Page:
Students also described the importance of role models; one young Black student, upon seeing the meeting chair was also Black male, said that made him want to be the one who “rang the bell,” too, to signal time was up. A youth worker veered off his comments when he saw a former teacher and coach in the room, saying that this man in the corner had made the difference between the life he now led as a college-educated community worker and one where he may well have ended up in jail or worse. The room melted at the end of the presentation, when they hugged, student towering over teacher.

Lloyd McKell, the Chair, pressed respondents further for solutions.

The network of Aboriginal and Metis Educators highlighted the Ontario Ministry of Education’s Aboriginal Education Strategy, a concrete framework ready for implementation. They reported that the Toronto Catholic school board already offers Aboriginal Grade 11 English and Grade 9 Visual Arts as core courses rather than as options. Pens scribbled when the network pointed out that enhanced funding is offered to school boards for offering these courses. The network also underscored that these learnings are important to students of all cultures.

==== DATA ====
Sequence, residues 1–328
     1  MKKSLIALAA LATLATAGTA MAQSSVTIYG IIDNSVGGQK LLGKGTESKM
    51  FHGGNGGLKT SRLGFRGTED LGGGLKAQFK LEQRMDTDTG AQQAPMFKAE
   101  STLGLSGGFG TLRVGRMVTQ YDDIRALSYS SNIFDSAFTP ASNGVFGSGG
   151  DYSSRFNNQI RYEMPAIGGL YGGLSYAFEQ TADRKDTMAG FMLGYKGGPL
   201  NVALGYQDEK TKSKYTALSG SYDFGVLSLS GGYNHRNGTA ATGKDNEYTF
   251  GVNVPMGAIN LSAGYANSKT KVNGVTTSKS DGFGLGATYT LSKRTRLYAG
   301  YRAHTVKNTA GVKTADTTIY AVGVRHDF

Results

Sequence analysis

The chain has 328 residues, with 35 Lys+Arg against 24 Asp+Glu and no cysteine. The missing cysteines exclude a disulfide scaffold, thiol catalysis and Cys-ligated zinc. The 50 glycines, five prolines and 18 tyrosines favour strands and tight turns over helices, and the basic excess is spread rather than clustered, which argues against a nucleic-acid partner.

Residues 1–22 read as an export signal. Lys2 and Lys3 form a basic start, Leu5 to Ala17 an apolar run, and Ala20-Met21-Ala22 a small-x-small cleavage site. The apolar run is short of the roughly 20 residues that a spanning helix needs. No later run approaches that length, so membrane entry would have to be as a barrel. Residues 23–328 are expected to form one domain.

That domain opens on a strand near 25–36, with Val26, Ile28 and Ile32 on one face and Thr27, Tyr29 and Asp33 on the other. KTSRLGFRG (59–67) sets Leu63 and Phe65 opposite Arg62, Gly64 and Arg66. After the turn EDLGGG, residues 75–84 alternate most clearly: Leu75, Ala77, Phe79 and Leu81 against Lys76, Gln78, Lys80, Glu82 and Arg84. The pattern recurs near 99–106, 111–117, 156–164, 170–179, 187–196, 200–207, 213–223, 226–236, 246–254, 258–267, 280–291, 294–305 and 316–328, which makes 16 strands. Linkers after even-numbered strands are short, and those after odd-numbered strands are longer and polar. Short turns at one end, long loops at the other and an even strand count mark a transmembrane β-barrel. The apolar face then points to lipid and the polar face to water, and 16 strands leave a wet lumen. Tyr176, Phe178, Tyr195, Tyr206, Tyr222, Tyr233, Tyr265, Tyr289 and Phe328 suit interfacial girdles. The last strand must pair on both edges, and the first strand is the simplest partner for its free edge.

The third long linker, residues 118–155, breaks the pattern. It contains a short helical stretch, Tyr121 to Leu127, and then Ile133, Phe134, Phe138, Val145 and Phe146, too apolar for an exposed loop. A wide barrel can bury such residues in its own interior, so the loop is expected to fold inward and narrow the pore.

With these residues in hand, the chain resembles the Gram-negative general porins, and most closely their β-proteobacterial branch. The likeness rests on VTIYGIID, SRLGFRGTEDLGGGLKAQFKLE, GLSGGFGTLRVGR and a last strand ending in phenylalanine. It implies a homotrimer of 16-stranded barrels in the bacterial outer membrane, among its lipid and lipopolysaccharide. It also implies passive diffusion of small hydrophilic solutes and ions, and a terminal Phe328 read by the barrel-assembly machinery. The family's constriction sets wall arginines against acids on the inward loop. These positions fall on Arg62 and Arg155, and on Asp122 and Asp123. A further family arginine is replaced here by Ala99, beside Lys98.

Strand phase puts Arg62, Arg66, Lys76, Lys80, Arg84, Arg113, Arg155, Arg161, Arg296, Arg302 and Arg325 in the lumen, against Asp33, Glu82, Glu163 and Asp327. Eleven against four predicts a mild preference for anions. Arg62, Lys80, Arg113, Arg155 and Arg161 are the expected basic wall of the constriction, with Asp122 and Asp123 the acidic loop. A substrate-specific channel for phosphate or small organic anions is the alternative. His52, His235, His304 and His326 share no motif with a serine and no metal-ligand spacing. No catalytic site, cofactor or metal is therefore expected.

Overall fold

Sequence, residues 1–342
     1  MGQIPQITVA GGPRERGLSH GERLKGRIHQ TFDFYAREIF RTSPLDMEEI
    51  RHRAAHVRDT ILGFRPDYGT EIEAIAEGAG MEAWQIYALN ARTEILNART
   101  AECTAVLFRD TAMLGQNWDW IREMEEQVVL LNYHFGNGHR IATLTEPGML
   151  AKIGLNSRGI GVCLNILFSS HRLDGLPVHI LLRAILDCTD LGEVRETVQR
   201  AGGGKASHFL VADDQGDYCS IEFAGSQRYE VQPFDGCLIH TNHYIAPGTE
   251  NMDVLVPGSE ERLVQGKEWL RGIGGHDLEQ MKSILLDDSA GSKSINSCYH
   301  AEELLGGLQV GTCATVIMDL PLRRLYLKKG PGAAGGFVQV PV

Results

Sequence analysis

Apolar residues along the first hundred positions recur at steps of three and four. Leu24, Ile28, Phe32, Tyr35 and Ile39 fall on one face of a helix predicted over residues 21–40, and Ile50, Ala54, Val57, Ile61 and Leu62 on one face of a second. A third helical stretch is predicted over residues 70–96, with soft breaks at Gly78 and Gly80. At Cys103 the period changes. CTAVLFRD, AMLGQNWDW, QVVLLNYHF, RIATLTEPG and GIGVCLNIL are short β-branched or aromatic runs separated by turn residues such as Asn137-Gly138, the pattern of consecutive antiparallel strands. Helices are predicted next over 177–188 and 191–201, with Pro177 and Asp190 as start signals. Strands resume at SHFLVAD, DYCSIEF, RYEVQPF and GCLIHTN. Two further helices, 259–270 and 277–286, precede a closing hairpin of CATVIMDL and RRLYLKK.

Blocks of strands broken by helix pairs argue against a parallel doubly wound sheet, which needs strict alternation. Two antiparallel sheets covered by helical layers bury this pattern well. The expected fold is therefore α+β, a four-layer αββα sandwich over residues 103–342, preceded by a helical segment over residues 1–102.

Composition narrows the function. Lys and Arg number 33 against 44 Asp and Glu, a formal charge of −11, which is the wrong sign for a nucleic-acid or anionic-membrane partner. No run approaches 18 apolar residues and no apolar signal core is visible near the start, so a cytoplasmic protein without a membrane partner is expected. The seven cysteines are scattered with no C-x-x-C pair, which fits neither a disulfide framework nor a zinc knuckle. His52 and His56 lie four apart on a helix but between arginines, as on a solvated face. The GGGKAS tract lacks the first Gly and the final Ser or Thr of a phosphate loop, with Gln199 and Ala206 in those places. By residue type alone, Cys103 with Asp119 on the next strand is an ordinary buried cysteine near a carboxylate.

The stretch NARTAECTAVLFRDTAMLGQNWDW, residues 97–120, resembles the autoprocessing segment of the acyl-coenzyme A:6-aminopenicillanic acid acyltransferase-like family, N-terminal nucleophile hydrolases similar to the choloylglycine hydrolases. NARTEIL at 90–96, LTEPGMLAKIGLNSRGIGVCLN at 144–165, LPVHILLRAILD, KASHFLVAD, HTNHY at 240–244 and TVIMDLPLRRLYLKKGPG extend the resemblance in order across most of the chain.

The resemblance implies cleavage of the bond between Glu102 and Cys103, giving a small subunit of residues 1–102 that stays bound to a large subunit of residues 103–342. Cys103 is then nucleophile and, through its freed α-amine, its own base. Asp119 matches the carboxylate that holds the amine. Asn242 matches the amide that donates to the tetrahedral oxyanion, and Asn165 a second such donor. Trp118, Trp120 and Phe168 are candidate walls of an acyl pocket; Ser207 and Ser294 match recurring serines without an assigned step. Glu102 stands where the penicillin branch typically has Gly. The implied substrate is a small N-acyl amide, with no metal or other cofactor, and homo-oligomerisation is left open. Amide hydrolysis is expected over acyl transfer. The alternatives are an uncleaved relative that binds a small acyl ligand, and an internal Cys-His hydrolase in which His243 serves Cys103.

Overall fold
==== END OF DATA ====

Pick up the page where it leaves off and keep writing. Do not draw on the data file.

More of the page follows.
Mirroring the Director’s call for a parent academy in his Vision of Hope, a presenter from Hispanic community spoke about a weekly, Spanish-language community-based program for parents which addressed issues such as mental health or multiple intelligences. The need to create supportive social networks was identified as a need for parents as well as students. [At my own daughter’s high school, we once tried to facilitate linguistic groupings at parent information nights, allowing people to find a space where they could network more easily.]

Among the day’s presentations were also some disheartening moments.

Speakers from the Somali community reminded taskforce members that twenty years ago, they had forwarded a similar set of recommendations. They were not implemented, so they were back.